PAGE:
The Mantrap turned out to be quite overhyped. It's only 3m tall and is well protected. The good conditions certainly helped, A reach over the top to good nevee, a high step and a biiiiiiiiiiig pull and it was done. I belayed at the base of the 25 ft high corner above - the famous '40 ft corner' (the bottom must have been banked out). This was so heavily rimed up I was able to get an ice screw in it! Sam's axe popped out of the nevee that seemed bomber to me while he was pulling through the Mantrap and he took a bit of a tumble, just goes to show that you can never be 100% sure of your placements in Scottish Winter!
20 ft corner
Sam dispatched the 40 ft corner in no time and before we knew it we were on top of the Ben. We had planned enough time for a 4pm top-out; we topped out at 10.30am after 2.5 hours on the route! A surreal experience, and we took our time on the way down No. 4 gulley, getting a good look at the conditions. A pint in the Grog and Gruel in Fort William after one of the longest walk-ins and biggest routes on the Ben was surreal.
Psyche levels stayed high after that, and we felt quite fresh so on Sunday we were up at 5.30am and off up the Ben again. This time we went for the ultra-classic Point Five Gully. I'd been wanting to do this all season and there seemed no better time.
Approaching Point Five Gully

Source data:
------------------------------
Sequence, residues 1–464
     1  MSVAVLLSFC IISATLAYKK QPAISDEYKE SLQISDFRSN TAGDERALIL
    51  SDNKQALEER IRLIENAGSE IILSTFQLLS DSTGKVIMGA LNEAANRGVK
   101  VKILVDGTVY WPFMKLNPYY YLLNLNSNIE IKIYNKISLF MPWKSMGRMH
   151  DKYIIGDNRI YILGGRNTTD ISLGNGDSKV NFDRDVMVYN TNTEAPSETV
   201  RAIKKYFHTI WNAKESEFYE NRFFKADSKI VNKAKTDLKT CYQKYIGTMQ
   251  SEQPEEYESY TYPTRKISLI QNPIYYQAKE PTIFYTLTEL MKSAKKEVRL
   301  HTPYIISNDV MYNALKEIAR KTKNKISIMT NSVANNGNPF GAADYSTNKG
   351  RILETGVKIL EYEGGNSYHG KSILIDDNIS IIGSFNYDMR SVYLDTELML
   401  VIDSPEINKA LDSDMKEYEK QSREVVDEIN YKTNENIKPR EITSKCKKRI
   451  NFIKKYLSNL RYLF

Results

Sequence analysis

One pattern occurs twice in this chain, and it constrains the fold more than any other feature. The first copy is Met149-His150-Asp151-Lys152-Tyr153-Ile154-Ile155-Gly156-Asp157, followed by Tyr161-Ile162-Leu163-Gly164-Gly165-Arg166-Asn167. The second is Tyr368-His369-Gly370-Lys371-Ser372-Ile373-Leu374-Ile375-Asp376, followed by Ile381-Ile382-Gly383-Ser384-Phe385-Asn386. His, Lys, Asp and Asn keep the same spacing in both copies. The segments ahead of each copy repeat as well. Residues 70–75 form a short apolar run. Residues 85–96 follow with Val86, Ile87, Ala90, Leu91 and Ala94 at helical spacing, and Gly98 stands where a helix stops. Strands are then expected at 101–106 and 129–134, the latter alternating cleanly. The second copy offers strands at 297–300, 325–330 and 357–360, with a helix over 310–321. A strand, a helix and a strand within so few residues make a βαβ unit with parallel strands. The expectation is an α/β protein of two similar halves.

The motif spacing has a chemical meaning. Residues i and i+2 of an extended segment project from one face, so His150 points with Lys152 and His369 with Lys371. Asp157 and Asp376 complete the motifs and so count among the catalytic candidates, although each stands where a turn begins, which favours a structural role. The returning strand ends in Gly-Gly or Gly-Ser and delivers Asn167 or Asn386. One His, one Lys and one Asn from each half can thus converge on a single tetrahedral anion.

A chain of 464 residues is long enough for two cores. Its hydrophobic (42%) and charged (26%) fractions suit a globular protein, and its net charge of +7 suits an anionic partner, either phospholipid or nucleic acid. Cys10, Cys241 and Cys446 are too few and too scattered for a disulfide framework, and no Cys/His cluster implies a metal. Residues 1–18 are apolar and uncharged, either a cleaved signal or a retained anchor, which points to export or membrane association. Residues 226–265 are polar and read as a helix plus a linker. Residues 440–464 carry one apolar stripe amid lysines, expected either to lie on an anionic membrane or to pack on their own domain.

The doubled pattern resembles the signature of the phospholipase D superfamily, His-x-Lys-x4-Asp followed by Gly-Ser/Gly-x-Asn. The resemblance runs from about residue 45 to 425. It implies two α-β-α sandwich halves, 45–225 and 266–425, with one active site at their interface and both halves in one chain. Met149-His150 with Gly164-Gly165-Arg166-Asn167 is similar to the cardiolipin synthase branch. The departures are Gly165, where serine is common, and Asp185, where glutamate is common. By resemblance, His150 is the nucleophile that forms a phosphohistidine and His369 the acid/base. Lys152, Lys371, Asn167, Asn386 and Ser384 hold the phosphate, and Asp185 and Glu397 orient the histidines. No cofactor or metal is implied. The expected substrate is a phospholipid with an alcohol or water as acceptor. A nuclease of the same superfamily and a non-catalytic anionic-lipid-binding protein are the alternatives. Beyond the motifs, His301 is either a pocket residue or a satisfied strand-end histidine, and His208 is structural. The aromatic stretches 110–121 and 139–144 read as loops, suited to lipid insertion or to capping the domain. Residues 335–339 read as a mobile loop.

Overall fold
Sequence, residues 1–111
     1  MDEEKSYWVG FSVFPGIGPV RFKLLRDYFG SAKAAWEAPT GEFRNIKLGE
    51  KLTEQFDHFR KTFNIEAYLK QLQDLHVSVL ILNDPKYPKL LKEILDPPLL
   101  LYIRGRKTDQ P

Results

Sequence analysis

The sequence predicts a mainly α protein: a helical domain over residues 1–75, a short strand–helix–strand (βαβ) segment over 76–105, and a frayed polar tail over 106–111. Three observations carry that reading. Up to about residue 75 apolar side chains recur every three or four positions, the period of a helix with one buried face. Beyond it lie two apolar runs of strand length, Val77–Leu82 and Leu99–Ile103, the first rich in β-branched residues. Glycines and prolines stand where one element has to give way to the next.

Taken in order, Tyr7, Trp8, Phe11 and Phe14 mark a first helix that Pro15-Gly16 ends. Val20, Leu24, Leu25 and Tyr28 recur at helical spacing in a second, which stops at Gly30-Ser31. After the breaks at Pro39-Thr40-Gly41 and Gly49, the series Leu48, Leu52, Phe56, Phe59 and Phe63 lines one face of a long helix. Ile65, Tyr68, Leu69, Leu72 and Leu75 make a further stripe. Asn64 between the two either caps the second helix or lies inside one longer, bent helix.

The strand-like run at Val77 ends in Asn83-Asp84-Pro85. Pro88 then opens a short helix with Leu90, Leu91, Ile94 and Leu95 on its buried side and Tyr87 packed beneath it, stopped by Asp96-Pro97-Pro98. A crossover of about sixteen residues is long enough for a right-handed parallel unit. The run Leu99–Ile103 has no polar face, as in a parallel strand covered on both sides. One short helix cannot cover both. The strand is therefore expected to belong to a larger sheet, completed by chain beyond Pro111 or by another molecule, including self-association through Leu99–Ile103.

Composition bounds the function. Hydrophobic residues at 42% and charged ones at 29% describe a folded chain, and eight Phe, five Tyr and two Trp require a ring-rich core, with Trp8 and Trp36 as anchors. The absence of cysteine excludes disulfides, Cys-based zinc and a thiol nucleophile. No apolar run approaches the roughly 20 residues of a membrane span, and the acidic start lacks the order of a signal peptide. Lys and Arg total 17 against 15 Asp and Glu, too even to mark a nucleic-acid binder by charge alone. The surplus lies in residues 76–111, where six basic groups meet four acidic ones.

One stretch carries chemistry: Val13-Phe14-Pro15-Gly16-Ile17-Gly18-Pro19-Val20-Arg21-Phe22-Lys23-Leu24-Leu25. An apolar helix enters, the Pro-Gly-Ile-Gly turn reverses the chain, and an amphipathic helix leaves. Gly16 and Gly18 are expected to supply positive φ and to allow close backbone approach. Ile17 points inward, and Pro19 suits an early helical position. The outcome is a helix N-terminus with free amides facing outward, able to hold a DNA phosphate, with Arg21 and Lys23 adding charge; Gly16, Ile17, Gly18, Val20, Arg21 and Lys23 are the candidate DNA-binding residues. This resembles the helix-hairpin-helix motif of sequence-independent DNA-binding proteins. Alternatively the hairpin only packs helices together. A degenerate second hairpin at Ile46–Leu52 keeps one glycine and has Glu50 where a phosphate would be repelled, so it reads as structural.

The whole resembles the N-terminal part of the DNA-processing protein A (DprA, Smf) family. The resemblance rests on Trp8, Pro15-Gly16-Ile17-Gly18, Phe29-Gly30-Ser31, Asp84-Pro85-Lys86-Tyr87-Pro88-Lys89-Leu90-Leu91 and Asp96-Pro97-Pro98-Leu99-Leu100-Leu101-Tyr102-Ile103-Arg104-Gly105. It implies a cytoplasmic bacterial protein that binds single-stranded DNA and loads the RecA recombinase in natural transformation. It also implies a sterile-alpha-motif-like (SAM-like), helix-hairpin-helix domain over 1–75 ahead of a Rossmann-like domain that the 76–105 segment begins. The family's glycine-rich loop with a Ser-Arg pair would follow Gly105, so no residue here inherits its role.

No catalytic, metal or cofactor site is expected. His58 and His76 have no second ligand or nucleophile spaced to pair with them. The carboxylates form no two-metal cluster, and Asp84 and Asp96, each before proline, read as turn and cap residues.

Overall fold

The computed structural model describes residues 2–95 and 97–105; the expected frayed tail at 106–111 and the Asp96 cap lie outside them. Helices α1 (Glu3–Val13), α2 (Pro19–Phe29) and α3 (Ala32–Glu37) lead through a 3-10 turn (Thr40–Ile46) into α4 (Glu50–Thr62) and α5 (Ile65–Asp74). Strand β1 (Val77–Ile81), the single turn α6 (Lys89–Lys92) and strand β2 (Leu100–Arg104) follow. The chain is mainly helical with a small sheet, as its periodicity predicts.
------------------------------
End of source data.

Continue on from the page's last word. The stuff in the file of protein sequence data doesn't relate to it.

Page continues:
After the long sweaty slog up under Observatory Ridge we were on the route by 9. The ice was perfect and plastic, and the route was quite stepped from all the traffic of the past while. There was no wind or spindrift and we had the route to ourselves. What more could you want?
Sam led off up pitch 1, turning round to tell me that the route was 'tremendous' which my innate Scottish Winter pessimism heard as 'horrendous'. But tremendous it was; steep but secure, with plenty of bridging up glorious ice. The second pitch was a dream, probably the steepest pitch but good footwork allows half-decent rests to be found. I somehow dropped a screw which someone below picked up, hopefully I'll get it back through UKC.
Sam on the Rogue pitch
Moving together to the top
Sam finished off the difficulties with the excellent 'Rogue Pitch'. This led to easier grade II/III ground above with one last icy step to pitch. I took the hardest line up this for the hell of it and then we moved together to the plateau, topping out for 12.30. We sat on the top and had a bit of a picnic, the summit to ourselves; I've never been up there when it's been so pleasant!
Day 2 atop the Ben
Point Five is more than worthy of its reputation and I was very pleased to climb the most famous ice gully in the world as a first ice grade V. We headed back to the van and stopped off in the Clachaig Inn Glencoe (probably the best pub in the world) for a celebratory drink on the way back home. A brilliant end to the best weekend of winter climbing I've had!
Back home in Ireland this weekend for Mum and Sinéad's birthdays. The weather is set to get cold again so I'd like to get back up to the Ben for St Patrick's Day weekend...